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Effects of GATT/WTO on Asia's Trade Performance

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Author Info

  • Will J. Martin

    (World Bank)

  • Kym Anderson

    ()
    (School of Economics, University of Adelaide)

  • Cong S. Pham

    (Deakin University)

Abstract

Our review of the literature suggests that the effects of GATT/WTO are insignificant or relatively small for participants in general, but potentially very large for groups that make heavy use of it. Our empirical analysis suggests that these gains are disproportionately large for the Asia-Pacific countries—perhaps by reducing resistance to the rapid growth and change in trade patterns in the region. We also highlight a potentially important source of future gains through helping to restrain the costly growth of agricultural protection in rapidly-developing countries in the region.

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File URL: http://www.economics.adelaide.edu.au/research/papers/doc/wp2009-11.pdf
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Bibliographic Info

Paper provided by University of Adelaide, School of Economics in its series School of Economics Working Papers with number 2009-11.

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Length: 36 pages
Date of creation: 2009
Date of revision:
Handle: RePEc:adl:wpaper:2009-11

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Postal: Adelaide SA 5005
Phone: (618) 8303 5540
Web page: http://www.economics.adelaide.edu.au/
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Related research

Keywords: Asian trade growth; GATT commitments; WTO accession;

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References

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  1. Timothy J. Kehoe & Kim J. Ruhl, 2006. "How Important is the New Goods Margin in International Trade?," 2006 Meeting Papers 733, Society for Economic Dynamics.
  2. Subramanian, Arvind & Wei, Shang-Jin, 2007. "The WTO promotes trade, strongly but unevenly," Journal of International Economics, Elsevier, vol. 72(1), pages 151-175, May.
  3. Andrew K. Rose, 2007. "Do We Really Know That the WTO Increases Trade? Reply," American Economic Review, American Economic Association, vol. 97(5), pages 2019-2025, December.
  4. Elhanan Helpman & Marc Melitz & Yona Rubinstein, 2008. "Estimating Trade Flows: Trading Partners and Trading Volumes," The Quarterly Journal of Economics, MIT Press, vol. 123(2), pages 441-487, 05.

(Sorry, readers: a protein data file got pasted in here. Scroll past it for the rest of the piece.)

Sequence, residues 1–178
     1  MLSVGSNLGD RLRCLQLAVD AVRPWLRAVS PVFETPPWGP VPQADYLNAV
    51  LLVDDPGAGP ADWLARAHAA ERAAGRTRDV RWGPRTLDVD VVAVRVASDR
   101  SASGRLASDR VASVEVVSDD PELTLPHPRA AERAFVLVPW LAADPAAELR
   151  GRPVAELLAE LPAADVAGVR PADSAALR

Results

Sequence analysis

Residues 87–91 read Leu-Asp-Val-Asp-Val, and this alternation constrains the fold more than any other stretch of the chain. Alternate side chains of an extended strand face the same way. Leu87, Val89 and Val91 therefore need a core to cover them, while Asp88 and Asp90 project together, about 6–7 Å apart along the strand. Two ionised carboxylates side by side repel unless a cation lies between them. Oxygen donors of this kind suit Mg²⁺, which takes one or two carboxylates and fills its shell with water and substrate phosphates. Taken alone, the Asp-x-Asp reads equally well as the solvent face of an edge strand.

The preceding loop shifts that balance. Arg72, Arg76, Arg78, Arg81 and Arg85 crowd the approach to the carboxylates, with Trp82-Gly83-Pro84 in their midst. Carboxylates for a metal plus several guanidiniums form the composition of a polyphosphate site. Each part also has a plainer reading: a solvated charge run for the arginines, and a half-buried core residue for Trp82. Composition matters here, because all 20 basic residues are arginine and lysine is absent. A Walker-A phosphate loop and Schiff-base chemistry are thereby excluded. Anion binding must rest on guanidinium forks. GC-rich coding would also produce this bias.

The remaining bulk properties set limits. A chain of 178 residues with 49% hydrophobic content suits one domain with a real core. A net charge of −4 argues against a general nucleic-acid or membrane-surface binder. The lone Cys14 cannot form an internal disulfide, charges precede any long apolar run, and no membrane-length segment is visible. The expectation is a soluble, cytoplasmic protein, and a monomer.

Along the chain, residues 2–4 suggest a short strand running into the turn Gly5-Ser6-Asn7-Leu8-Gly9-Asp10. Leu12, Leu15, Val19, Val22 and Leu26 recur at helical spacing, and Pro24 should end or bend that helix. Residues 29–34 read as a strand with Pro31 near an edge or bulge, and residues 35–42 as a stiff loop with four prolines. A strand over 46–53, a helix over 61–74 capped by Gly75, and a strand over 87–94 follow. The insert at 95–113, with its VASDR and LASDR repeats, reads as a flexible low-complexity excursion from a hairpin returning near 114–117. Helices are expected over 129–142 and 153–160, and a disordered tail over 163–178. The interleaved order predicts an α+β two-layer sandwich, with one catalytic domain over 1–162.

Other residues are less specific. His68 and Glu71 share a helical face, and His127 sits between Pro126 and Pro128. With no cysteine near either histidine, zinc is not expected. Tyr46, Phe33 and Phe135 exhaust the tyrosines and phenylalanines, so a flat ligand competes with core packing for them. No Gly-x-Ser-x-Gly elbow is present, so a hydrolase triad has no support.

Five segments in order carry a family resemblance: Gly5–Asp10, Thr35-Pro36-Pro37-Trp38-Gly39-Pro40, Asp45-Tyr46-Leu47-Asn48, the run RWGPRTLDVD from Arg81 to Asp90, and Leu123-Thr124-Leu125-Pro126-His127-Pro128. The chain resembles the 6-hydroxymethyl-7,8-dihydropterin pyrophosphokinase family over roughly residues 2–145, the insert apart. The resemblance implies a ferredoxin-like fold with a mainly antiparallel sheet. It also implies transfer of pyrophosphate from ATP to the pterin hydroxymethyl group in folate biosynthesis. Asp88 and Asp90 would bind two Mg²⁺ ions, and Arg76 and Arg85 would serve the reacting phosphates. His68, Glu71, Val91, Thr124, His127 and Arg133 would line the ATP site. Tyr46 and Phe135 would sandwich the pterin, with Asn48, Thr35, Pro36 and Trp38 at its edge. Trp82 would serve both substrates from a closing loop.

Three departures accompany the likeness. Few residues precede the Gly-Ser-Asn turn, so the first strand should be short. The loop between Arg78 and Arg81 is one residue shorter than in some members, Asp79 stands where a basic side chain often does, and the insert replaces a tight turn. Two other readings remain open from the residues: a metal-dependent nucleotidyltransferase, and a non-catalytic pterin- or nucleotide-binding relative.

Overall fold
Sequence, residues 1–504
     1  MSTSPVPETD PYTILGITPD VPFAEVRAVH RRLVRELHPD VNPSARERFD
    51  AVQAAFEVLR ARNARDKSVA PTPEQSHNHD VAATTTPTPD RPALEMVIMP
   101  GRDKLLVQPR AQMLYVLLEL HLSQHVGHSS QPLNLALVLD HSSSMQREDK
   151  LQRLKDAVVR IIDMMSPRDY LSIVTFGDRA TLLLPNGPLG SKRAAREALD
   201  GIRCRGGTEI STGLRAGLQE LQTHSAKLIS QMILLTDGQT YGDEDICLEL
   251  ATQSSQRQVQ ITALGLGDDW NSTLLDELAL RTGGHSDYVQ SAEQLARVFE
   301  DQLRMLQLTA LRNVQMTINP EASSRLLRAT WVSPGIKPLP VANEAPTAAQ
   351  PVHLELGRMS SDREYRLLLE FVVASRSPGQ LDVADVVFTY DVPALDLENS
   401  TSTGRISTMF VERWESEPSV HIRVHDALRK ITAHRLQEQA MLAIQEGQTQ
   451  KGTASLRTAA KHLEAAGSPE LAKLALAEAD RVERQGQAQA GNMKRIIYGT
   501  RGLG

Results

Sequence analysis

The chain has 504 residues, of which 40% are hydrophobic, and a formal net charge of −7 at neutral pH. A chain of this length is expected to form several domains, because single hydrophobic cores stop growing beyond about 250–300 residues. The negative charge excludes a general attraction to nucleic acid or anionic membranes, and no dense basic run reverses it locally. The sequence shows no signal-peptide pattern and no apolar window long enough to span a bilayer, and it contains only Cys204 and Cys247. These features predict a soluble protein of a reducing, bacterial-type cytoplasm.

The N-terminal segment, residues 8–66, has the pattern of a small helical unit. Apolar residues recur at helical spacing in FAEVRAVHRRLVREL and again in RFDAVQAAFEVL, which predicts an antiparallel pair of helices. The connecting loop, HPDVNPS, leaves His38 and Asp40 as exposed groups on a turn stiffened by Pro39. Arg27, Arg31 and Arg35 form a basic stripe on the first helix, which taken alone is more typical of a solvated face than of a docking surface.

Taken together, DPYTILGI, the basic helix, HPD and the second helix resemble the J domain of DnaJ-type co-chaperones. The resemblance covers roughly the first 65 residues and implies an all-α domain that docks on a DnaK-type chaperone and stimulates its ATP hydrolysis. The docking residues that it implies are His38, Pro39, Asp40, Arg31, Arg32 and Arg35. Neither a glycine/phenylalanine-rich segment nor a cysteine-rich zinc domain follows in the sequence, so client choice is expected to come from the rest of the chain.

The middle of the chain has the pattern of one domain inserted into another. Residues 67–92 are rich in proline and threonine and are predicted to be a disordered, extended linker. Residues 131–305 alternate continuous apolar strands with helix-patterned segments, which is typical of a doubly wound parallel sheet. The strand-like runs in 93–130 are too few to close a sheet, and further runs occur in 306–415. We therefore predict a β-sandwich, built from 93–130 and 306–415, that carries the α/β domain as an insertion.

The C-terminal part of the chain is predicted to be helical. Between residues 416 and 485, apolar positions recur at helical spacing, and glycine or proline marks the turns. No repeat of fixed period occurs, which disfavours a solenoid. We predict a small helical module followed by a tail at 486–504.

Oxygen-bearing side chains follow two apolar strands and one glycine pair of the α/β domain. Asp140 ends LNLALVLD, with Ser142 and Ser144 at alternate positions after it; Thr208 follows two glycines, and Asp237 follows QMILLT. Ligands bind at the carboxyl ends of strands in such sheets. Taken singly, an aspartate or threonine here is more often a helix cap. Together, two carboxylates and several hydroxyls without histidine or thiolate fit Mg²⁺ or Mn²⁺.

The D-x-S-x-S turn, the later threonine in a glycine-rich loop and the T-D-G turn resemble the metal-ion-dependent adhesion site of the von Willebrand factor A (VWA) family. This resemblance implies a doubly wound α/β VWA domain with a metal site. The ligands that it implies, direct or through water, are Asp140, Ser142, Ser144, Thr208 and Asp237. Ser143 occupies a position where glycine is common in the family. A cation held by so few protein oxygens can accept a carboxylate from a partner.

5. Elena Ianchovichina & Will Martin, 2004. "Impacts of China's Accession to the World Trade Organization," World Bank Economic Review, World Bank Group, vol. 18(1), pages 3-27.
  6. Hayami, Yujiro, 2007. "An emerging agricultural problem in high-performing Asian economies," Policy Research Working Paper Series 4312, The World Bank.
  7. Heckman, James J, 1979. "Sample Selection Bias as a Specification Error," Econometrica, Econometric Society, vol. 47(1), pages 153-61, January.
  8. Anderson, Kym & Martin, Will, 2005. "Agricultural trade reform and the Doha development agenda," Policy Research Working Paper Series 3607, The World Bank.
  9. Joao Santos Silva & Silvana Tenreyro, 2005. "The log of gravity," LSE Research Online Documents on Economics 3744, London School of Economics and Political Science, LSE Library.
  10. Will Martin & Cong S. Pham, 2008. "Estimating the Gravity Model When Zero Trade Flows are Frequent," Economics Series 2008_03, Deakin University, Faculty of Business and Law, School of Accounting, Economics and Finance.
  11. Mark J. Melitz, 2002. "The Impact of Trade on Intra-Industry Reallocations and Aggregate Industry Productivity," NBER Working Papers 8881, National Bureau of Economic Research, Inc.
  12. L. Alan Winters, 2007. "Coherence and the WTO," Oxford Review of Economic Policy, Oxford University Press, vol. 23(3), pages 461-480, Autumn.
  13. Anderson, Kym, 1995. "Lobbying Incentives and the Pattern of Protection in Rich and Poor Countries," Economic Development and Cultural Change, University of Chicago Press, vol. 43(2), pages 401-23, January.
  14. Shaohua Chen & Martin Ravallion, 2004. "Welfare Impacts of China's Accession to the World Trade Organization," World Bank Economic Review, World Bank Group, vol. 18(1), pages 29-57.
  15. Felbermayr, Gabriel, 2006. "Exploring the Intensive and Extensive Margins of World Trade," Munich Reprints in Economics 20646, University of Munich, Department of Economics.
  16. Kym Anderson & Will Martin, 2009. "Distortions to Agricultural Incentives in Asia," World Bank Publications, The World Bank, number 2611, October.
  17. Brandao, Antonio Salazar P. & Martin, Will J., 1993. "Implications of agricultural trade liberalization for the developing countries," Agricultural Economics, Blackwell, vol. 8(4), pages 313-343, June.
  18. Will Martin & Patrick Messerlin, 2007. "Why is it so difficult? Trade liberalization under the Doha Agenda," Oxford Review of Economic Policy, Oxford University Press, vol. 23(3), pages 347-366, Autumn.
  19. Hoekman, Bernard & Ozden, Caglar, 2005. "Trade preferences and differential treatment of developing countries : a selective survey," Policy Research Working Paper Series 3566, The World Bank.
  20. James E. Anderson & Eric van Wincoop, 2000. "Gravity with Gravitas: A Solution to the Border Puzzle," Boston College Working Papers in Economics 485, Boston College Department of Economics.
  21. Kym Anderson & Will Martin & Ernesto Valenzuela, 2009. "Long Run Implications of WTO Accession for Agriculture in China," School of Economics Working Papers 2009-20, University of Adelaide, School of Economics.
  22. Harald Grethe, 2006. "Agricultural Trade Reform and the Doha Development Agenda," European Review of Agricultural Economics, Foundation for the European Review of Agricultural Economics, vol. 33(4), pages 591-595, December.
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